Air pollution often spreads far from its source. These photographs of Rocky Mountain National Park in Colorado show the difference between a clear day (left) and an extremely hazy one (right). The haze often blows into the park from nearby Denver. (Photographs courtesy Interagency Monitoring of Protected Visual Environments)

  Micrograph of 2.5 micro meter particles

The PM2.5 particles’ tiny size makes them particularly treacherous to public health because the smaller the size, the easier it is for the particles to slip through the lung’s defenses, causing or worsening breathing problems in many people. According to an EPA report called “Latest Findings on National Air Quality: 2002 Status and Trends,” about 59 million people in the United States—that’s just over 20 percent of us—live in counties where the PM2.5 concentrations regularly exceed the safe limit set by the EPA.

In December 2002, the EPA administrator signed a proposed suite of actions to reduce current levels of power plant emissions. One of the actions is the Interstate Air Quality Rule, which targets sulfur dioxide and nitric oxide emissions in 29 Eastern states and Washington, D.C. Those two types of emissions contribute significantly to the fine particle and ozone pollution that creates regional haze, such as the Midwest event Szykman described.

The Future of Particle Pollution Forecasting

The need to monitor tiny particles over a wide region is a major change from previous air quality standards, according to Szykman. The EPA’s existing ground-based monitoring networks within North America are located primarily in urban areas. They provide detailed measurements on the kinds and amounts of pollution in the air. “These networks already cost the agency’s Office of Air Quality Planning and Standards about $200 million a year to operate,” says Szykman. “Adapting these existing networks for tracking regional haze would require substantial additions or reconfigurations of existing networks.”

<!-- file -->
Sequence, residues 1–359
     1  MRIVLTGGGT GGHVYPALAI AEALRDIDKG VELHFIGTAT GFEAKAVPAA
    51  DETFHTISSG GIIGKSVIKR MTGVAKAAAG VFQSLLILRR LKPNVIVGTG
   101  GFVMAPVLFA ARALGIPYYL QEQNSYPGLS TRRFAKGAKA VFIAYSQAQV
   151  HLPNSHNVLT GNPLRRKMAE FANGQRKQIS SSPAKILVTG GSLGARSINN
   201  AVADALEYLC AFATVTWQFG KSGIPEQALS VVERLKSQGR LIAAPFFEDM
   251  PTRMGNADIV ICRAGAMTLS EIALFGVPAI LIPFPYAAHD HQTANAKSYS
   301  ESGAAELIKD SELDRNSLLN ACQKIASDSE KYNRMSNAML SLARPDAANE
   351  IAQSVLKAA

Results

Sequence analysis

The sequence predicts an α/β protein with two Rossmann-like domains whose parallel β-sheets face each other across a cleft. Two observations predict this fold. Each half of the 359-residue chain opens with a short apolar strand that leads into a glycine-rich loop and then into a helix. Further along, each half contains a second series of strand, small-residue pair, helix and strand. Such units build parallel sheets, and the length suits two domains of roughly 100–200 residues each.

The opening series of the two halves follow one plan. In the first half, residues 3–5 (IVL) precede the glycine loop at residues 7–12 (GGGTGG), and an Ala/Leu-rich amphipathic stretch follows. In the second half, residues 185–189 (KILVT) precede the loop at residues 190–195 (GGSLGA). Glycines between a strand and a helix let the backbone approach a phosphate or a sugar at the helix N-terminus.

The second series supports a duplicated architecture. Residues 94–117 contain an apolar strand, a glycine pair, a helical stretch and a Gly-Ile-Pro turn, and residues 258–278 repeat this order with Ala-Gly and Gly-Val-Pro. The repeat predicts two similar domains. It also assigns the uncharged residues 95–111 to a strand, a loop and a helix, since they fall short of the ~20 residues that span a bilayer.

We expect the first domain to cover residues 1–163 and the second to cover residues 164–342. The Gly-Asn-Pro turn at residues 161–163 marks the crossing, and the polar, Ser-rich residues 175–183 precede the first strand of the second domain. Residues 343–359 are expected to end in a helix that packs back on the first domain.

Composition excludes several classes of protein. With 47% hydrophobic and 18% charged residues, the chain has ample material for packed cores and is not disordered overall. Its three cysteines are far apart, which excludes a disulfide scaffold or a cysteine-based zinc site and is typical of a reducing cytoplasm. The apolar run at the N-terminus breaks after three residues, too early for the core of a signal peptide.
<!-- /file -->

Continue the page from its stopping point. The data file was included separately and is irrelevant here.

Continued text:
When scientists make air quality forecasts these days, they focus on atmospheric processes in the lower atmosphere (near Earth’s surface), urban-scale models of pollution transport, and ground-based measurement networks. This approach works for predicting whether the pollution present in a city today will lift out by tomorrow, or whether joggers should consider taking their daily run on an indoor treadmill, but it wouldn’t have predicted, for example, that smoke from devastating forest fires in southern California in late October 2003 would wind up on the doorsteps of Maine in early November.

That is where NASA comes in. Not only do NASA scientists have experience in creating and running regional-and global-scale models of how the atmosphere moves aerosols around, but they also have satellites that observe aerosols on regional and even global scales. While EPA’s measurements are more detailed but localized, NASA’s satellite measurements are less specific but comprehensive. According to Szykman, fusing these complementary approaches is the future of particle pollution forecasting. Using this technique for other major pollutants, like ozone or carbon monoxide, could revolutionize how forecasters determine the overall air quality for a region.


This image shows a magnified view of aerosol particles collected in the industrial city of Port Talbot, England. Many of the particles measure roughly 2.5 microns across, small enough to easily enter and damage human lungs. (Micrograph adapted from Sixth Annual UK Review Meeting on Outdoor and Indoor Air Pollution Research 15th–16th April 2002 (Web Report W12), Leicester, UK, MRC Institute for Environment and Health)